Why do we need this research?
Diabetes that develops during pregnancy – known as gestational diabetes – can cause health problems for both mother and baby. We know that a woman’s diet is important during pregnancy, and that it might have a role to play in gestational diabetes.
In many of the foods we eat, there are small amounts of metals like iron, calcium, iodine, magnesium, zinc and copper. These ‘trace elements’ are important in helping our body function as it should. However, we don’t know enough about their role during pregnancy.
What’s happening in this project?
Researchers funded by Tommy’s are finding out whether deficiencies in metal trace elements can be linked with pregnancy complications like gestational diabetes. Previous research has often looked at one metal element on its own. Our researchers want to look at lots of different trace elements together to create a ‘metallo-profile’ for pregnant women.
The team will use blood samples donated by women who took part in a study called UPBEAT. This trial included 1,500 women with obesity who donated blood samples throughout their pregnancy. Our researchers will study in detail the metal trace elements found in blood samples taken early in pregnancy (15–18 weeks). By looking at a range of metal elements, our scientists will be able to create a metallo-profile for the women who later developed diabetes and compare this to the metallo-profile for the women who didn’t. This could make it easier to diagnose gestational diabetes in the future.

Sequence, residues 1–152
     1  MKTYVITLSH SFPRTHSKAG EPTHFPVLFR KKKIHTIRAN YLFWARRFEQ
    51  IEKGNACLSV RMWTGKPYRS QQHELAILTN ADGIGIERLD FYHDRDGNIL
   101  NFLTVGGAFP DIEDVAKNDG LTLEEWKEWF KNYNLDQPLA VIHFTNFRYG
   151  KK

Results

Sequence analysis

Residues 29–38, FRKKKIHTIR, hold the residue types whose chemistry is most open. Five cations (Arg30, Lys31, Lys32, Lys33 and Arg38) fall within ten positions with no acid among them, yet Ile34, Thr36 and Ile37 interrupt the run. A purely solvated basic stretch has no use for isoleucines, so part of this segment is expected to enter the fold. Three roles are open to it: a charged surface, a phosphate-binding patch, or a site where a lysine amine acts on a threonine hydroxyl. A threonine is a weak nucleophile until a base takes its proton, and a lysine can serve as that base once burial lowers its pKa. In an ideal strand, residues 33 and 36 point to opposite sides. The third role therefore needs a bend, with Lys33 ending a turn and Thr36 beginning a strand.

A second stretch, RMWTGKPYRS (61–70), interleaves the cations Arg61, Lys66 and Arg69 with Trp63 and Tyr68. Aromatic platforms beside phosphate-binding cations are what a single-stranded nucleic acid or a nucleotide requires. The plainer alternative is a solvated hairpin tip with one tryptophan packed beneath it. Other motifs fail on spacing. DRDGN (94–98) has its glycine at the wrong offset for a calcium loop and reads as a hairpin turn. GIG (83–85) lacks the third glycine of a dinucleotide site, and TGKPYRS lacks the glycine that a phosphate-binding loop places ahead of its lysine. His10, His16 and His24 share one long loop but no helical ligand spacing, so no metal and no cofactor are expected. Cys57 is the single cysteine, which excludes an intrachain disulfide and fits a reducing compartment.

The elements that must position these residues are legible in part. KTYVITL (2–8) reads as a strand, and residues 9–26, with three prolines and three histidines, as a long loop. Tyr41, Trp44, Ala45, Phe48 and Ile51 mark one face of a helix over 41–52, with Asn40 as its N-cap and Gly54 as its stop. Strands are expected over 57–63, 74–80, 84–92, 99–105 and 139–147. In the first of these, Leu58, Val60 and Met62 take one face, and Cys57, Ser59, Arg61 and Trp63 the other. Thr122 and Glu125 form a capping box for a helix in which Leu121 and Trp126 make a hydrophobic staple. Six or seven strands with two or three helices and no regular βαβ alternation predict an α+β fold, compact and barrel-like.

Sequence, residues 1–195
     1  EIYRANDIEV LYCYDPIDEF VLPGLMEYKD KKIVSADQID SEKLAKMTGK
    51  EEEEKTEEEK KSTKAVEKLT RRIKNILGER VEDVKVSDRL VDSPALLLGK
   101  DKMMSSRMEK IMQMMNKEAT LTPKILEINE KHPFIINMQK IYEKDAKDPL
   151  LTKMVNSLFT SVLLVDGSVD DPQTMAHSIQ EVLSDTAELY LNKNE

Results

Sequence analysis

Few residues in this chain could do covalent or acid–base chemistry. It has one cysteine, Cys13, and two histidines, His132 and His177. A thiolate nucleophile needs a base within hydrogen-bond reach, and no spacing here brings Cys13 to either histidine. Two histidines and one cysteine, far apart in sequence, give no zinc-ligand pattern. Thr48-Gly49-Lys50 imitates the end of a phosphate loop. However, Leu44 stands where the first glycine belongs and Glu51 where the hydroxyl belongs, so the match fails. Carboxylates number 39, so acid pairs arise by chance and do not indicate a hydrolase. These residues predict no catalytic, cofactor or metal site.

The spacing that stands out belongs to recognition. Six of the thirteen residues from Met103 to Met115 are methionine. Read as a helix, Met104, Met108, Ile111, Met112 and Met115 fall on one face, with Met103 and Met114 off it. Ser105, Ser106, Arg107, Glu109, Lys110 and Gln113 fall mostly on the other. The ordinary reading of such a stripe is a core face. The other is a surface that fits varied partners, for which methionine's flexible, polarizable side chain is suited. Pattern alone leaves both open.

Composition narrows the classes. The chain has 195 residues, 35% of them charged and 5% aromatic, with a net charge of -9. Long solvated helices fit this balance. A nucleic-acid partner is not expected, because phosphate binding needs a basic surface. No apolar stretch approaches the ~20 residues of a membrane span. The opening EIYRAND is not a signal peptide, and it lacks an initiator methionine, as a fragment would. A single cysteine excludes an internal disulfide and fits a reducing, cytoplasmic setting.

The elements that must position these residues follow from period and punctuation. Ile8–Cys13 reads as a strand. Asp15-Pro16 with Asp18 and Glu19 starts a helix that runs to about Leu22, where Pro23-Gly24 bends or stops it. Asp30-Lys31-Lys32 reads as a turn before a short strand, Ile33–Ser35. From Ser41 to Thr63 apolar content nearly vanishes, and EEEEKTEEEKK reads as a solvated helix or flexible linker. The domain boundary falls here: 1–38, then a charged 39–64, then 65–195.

What difference will this project make?
This study will help us to understand more about the role that metal trace elements from food have in gestational diabetes. It is possible that metallo-profiles could be used to diagnose the condition early, or to find new ways to treat it. Ultimately, our scientists hope to improve the chances of a healthy pregnancy for mother and baby.